Degree Name

Doctor of Psychology (Clinical)


School of Psychology


Stigmatisation based on an individual’s weight remains a prevalent occurrence across the world. This form of stigma has been shown to impact psychological, behavioural, motivational and physiological domains for not only individuals with overweight and obesity, but also those within the normal weight ranges. Despite impacting individuals across all weight ranges, weight-related stigma appears particularly salient for those with overweight and obesity with evidence that rates of stigma increase as weight status increases. It is well established that having overweight or obesity increases an individual’s risk for a variety of medical conditions that impact quality of life and morbidity. However, many of these conditions are preventable through key factors such as physical activity and diet. High rates of physical activity play a role in weight reduction, and are particularly crucial in the maintenance of weight loss. Further, physical activity has established benefits for broader physical health and wellbeing irrespective of weight status. While a direct relationship between weight-stigma experiences and physical activity has not consistently been found, relationships between weight-stigma and different forms of motivation regarding exercise, as well as between motivation and physical activity have been demonstrated in the research. If it is possible that there is a relationship between weight-stigma and motivation for exercise, which in turn can impact levels of physical activity, then it is important to explore whether this potential indirect relationship could be playing a role in reducing levels of physical activity in individuals with overweight and obesity. If this is the case, then weight-related stigma may present an additional target variable in the treatment of overweight and obesity.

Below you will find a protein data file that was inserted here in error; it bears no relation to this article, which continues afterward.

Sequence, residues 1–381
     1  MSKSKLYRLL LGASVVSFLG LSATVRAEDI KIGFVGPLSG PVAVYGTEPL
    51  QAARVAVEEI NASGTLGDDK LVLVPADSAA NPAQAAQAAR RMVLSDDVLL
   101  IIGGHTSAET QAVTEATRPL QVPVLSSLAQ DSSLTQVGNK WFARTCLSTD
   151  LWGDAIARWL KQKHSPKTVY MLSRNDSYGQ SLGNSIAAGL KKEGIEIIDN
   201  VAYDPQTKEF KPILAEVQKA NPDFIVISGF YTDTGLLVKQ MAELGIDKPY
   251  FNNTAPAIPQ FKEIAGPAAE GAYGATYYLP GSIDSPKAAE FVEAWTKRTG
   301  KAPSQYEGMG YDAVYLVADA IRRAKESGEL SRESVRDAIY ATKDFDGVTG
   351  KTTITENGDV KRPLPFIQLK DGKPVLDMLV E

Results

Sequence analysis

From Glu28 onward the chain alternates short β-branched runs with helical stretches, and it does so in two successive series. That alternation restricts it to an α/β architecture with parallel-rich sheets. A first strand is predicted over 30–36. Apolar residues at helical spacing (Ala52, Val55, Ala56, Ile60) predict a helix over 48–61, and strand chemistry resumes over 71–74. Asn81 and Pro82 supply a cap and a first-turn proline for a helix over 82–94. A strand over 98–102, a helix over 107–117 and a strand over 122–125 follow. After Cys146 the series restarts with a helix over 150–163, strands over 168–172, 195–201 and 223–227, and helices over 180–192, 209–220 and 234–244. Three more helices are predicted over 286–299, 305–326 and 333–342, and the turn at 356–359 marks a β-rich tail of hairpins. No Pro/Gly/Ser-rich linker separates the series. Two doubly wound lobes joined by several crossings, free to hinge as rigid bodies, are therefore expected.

The body of research exploring weight-related stigma, including prevalence and negative impacts, has been growing steadily over the last two decades. However, despite this increase in research very few studies have explored the relationship between weight-related stigma, motivation for exercise, and level of physical activity. To our knowledge no research to date has explored this relationship using longitudinal data. Further, a large amount of the existing research literature utilises female-only or female-majority samples, which has limited the ability to explore whether females and males are differentially affected by weight-related stigma. This thesis aimed to address these limitations in the existing literature by exploring the relationship between weight-related stigma, self-determined motivation, and physical activity across genders utilising both cross-sectional and longitudinal data.



Unless otherwise indicated, the views expressed in this thesis are those of the author and do not necessarily represent the views of the University of Wollongong.